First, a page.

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Māori Party Celebrates the Courage of the Hīkoi

MEDIA STATEMENT

22 April 2014

Māori Party Celebrates the Courage of the Hīkoi

The Māori Party pays tribute to the thousands of New Zealanders, who ten years ago today, began the march to Parliament known as the Hīkoi of 2004.

“On 22 April 2004, hundreds of tangata whenua gathered at Te Rerenga Wairua at the start of what would be one of the most important moments in our history,” said Tariana Turia.

“Over the next two weeks, they were joined by New Zealanders of all ages and stages, all cultures and creeds, who stood against the Foreshore and Seabed Bill created by Labour. It was one of the most moving and heart wrenching times in our history, and it certainly shaped my thinking and actions profoundly.”

“For us in Kahungunu the Hīkoi was part of our Seven Waves of action that included an application to the Waitangi Tribunal to highlight the actions of the Government of the day,” said Dr Pita Sharples. “In 2003, Ngati Kahungunu held our annual pre-Christmas hui. It was at that hui that we decided that we needed to act on the proposed Foreshore and Seabed legislation. Instead of Christmas cards, we sent out the call to all iwi to march on to Parliament to protest this gross breach of due process against Māori. The tribes answered en force, and people all over the country took up the call.”

“On 14th May, the Treaty Tribes Coalition, which included Ngāti Kahungunu, Ngāi Tahu, Taimanuhiri and Hauraki iwi, presented a submission to the United Nations Permanent Forum on Indigenous Issues in New York bringing international focus to the shameful proposals to vest ownership of the last piece of customary land to be held by tangata whenua in the Crown.”

“It was one of the proudest moments of my life when just over four years ago to the day (20 April 2010), I returned to New York to signal New Zealand had overturned the previous Government’s rejection of the United Nations Declaration on the Rights of Indigenous People, and that we would sign up to the declaration as a nation.”

“I will always remember the significance of the Hīkoi,” said Te Ururoa Flavell who was the Chairperson of Nga Tai o Te Reinga, Hīkoi against the Foreshore and Seabed Bill.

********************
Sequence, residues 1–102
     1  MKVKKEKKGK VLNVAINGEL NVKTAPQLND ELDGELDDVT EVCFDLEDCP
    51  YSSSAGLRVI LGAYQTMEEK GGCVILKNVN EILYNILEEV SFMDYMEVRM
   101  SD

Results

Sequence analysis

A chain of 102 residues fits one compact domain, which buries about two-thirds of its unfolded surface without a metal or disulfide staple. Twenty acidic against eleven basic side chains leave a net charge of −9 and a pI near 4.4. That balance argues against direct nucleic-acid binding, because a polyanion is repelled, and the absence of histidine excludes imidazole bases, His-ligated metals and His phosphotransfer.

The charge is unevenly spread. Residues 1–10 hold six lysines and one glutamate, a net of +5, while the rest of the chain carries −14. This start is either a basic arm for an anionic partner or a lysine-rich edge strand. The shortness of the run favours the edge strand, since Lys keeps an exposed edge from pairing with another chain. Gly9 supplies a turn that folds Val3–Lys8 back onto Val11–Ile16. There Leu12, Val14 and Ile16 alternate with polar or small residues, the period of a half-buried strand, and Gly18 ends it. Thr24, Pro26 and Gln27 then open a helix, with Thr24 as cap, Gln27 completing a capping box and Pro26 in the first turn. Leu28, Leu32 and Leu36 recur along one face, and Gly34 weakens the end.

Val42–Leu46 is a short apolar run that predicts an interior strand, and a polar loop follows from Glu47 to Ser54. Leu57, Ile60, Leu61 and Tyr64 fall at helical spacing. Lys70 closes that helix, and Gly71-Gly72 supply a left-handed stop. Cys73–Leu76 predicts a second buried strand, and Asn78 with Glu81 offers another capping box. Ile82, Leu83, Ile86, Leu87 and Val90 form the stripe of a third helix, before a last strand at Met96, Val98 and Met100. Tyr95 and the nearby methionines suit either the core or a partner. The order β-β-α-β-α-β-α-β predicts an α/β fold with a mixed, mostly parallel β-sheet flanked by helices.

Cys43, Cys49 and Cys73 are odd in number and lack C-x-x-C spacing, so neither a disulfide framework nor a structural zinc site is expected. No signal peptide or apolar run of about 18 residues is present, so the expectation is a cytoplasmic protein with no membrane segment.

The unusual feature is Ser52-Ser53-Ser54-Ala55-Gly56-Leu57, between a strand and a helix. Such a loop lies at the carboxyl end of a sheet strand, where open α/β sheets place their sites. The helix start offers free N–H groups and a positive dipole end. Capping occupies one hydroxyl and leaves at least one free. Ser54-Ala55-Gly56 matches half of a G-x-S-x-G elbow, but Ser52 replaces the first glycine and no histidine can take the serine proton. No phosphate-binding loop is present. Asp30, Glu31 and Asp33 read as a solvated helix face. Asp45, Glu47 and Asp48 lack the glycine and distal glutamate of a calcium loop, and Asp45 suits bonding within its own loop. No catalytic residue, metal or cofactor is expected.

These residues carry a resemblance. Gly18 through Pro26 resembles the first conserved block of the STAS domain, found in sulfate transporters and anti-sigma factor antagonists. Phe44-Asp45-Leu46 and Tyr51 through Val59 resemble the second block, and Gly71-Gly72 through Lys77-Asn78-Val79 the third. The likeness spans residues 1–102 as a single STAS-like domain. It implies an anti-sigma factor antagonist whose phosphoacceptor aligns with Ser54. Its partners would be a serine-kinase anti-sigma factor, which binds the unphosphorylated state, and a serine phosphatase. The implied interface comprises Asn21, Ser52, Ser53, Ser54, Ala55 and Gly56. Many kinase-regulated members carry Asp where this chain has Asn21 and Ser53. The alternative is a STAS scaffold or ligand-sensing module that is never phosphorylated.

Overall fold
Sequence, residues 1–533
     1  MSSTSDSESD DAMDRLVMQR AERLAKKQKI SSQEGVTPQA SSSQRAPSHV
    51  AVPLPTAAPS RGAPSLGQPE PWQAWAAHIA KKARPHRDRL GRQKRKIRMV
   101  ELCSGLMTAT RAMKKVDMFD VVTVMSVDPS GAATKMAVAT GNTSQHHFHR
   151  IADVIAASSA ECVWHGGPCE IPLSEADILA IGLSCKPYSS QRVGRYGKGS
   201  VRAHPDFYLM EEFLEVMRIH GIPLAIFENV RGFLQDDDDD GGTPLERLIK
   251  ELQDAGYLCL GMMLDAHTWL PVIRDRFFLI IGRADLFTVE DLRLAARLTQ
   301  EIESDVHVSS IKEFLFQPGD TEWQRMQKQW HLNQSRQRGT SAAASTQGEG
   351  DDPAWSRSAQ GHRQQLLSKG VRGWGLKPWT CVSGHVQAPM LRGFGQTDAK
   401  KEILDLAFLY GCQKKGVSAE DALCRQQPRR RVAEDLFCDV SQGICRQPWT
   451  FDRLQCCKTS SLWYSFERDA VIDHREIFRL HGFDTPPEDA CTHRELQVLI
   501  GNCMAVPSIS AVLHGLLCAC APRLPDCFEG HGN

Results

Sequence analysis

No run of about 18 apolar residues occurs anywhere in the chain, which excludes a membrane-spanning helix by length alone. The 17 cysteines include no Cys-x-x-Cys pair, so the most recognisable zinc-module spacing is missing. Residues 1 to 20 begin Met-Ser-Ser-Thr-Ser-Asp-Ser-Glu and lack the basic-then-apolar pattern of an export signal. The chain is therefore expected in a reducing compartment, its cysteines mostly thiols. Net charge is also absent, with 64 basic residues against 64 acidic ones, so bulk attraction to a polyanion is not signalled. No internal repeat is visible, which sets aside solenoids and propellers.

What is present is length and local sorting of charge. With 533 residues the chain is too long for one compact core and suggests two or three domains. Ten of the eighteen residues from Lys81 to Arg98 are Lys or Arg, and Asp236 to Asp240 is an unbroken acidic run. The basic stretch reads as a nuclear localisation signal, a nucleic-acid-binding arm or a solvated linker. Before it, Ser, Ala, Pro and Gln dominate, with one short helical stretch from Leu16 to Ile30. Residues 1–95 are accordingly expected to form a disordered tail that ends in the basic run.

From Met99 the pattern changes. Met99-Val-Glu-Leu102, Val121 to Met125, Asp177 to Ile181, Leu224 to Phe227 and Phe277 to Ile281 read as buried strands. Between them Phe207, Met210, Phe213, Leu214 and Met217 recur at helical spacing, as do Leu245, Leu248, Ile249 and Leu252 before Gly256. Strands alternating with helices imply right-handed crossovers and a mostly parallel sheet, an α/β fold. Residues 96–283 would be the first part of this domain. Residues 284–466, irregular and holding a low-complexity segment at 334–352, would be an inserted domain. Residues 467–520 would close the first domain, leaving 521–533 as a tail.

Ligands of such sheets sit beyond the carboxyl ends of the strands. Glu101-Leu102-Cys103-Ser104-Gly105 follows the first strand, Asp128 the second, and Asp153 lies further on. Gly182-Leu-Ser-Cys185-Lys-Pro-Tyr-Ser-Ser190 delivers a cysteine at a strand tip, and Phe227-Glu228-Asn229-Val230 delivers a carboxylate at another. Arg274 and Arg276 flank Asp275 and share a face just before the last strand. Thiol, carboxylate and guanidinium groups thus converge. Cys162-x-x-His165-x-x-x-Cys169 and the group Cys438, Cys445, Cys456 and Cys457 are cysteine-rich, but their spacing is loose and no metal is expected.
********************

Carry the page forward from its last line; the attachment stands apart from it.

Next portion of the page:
“The way in which our march mobilised the masses was in itself an amazing milestone in our national story,” said Mr Flavell. “We all became leaders in the transformation – the Hīkoi was remarkable in its capacity to galvanise the people from all walks of life; to take ownership of our own destiny.”

“Out of that Hīkoi emerged the Māori Party; and one of our first milestones to be met was the Takutaimoana (Marine and Coastal) Bill which repealed the Foreshore and Seabed Act 2004 and restored any customary interests in the common marine and coastal area that were extinguished by that Act.”

“Of course, the work is not over – even with the Takutaimoana legislation through there is still more to do. In reflecting back over the last decade, it reminds me that what can be taken away from us in an instant, takes a long time and a lot of hard work to get back – and if there’s one thing we’ve learnt, it’s about being here for the long haul, to make the difference our people want.”

“There are a lot of memories associated with the incredible passion and power of the people that showed such tenacity of spirit over the period of the Hīkoi,” ended Mrs Turia. “We reflect on some of those no longer with us – while also sharing the stories with those of our mokopuna who participated, whether it be in a pushchair or in Nanny’s arms.”

“While we reflect and we celebrate, we remember the importance of always listening to the people and doing what is right.”

ENDS

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